Fixed-rates on mortgages soared this past week, rising alongside bond yields as the market reacted to concerns the Fed will soon taper its mortgage-bond purchases.
The 30-year, fixed-rate mortgage posted its largest weekly increase since April 17, 1987. The 30-year, FRM came in at 4.46%, up from 3.93% last week and 3.66% last year, Freddie Mac reported in its Primary Mortgage Market Survey.
The 15-year, FRM increased to 3.5%, up from 3.04% last week and a steep rebound from 2.94% last year.
Meanwhile, the 5-year Treasury-index adjustable-rate mortgage averaged 3.08%, up from 2.79% last week and an increase from 2.79% a year ago.
Additionally, the 1-year Treasury-index ARM rose to 2.66%, up from 2.57%, but down from 2.74% a year earlier.
“Following Fed chief Bernanke’s remarks on June 19th about the possible timing of reduced bond purchases, Treasury bond yields jumped over the week and mortgage rates followed. He indicated that the Fed may moderate the pace of its buying later this year and end the purchases around the middle of 2014,” said Frank Nothaft, vice president and chief economist for Freddie Mac.
He added, “Higher mortgage rates may dampen some housing market activity but the effect will be muted by the high level of buyer affordability, and home sales should remain strong. For instance, existing home sales in May rose to its strongest pace since November 2009 and new home sales were the most seen since July 2008. In addition, the 12-month growth in the S&P/Case-Shiller 20-city home price index for April of 12.1 percent was the largest since April 2006.”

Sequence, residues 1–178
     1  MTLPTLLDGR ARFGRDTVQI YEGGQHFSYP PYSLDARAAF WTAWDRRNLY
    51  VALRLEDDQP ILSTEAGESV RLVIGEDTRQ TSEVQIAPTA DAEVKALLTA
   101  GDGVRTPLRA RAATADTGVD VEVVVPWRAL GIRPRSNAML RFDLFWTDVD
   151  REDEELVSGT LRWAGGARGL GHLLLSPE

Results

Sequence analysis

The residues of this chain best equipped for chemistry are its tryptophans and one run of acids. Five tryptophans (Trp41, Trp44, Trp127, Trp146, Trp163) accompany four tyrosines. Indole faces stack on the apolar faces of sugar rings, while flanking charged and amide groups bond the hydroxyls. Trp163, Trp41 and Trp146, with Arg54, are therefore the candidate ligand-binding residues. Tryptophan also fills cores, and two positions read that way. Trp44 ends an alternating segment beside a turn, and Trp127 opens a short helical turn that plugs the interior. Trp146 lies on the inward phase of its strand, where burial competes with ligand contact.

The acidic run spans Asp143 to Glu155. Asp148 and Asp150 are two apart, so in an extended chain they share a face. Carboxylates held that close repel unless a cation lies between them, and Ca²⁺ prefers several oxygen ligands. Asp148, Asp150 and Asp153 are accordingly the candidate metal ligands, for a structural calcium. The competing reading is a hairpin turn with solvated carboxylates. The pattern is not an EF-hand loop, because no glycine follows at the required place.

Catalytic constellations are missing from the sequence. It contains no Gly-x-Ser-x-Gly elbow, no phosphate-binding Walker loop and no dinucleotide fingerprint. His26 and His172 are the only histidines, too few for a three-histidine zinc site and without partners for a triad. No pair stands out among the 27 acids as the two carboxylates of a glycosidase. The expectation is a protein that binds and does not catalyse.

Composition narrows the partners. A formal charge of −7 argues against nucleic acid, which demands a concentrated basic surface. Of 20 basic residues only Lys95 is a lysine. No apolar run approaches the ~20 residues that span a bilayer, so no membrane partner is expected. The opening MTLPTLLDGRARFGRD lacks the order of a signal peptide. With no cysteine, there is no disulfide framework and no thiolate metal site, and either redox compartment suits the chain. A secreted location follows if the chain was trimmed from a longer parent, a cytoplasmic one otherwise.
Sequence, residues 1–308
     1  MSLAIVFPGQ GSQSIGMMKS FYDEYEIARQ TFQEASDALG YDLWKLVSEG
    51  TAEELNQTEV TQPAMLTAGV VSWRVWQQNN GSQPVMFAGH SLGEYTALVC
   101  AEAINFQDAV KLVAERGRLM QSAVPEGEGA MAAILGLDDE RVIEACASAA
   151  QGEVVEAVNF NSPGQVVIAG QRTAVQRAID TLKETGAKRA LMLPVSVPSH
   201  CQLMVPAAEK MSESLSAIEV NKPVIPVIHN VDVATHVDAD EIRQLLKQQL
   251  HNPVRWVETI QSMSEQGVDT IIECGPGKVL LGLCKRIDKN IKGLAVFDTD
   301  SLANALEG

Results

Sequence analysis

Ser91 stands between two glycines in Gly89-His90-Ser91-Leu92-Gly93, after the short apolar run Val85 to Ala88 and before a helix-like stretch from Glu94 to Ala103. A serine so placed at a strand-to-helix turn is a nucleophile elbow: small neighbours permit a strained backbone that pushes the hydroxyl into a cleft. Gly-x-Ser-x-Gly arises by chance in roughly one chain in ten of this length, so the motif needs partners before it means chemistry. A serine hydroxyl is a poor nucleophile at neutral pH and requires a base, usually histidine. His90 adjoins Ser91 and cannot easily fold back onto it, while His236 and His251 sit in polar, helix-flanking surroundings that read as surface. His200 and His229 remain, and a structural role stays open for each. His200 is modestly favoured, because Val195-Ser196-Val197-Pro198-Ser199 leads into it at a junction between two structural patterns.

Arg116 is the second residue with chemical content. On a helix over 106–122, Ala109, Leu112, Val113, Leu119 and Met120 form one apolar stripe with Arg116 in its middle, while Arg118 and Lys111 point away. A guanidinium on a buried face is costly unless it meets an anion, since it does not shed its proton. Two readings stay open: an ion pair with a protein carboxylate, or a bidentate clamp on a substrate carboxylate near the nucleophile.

Bankrate data also shows mortgage rates reaching higher levels.
Bankrate’s 30-year, FRM rose to 4.61% from 4.12% a week earlier.
In addition, the 15-year, FRM increased to 3.73%, up from 3.3%, while the 5/1 ARM rose to 3.45% from 2.99%.
However, according to the Federal Housing Finance Agency, mortgage rates stayed at lower levels in May, with the contract mortgage interest rate slightly decreasing by 0.15% to 3.4%.
Additionally, the average interest rate on a conventional, 30-year, fixed-rate mortgage of $417,000 or less hit 3.58% in May, the FHFA reported.
The average loan amount in the latest FHFA report was $280,600 in May, up from $266,500 in April.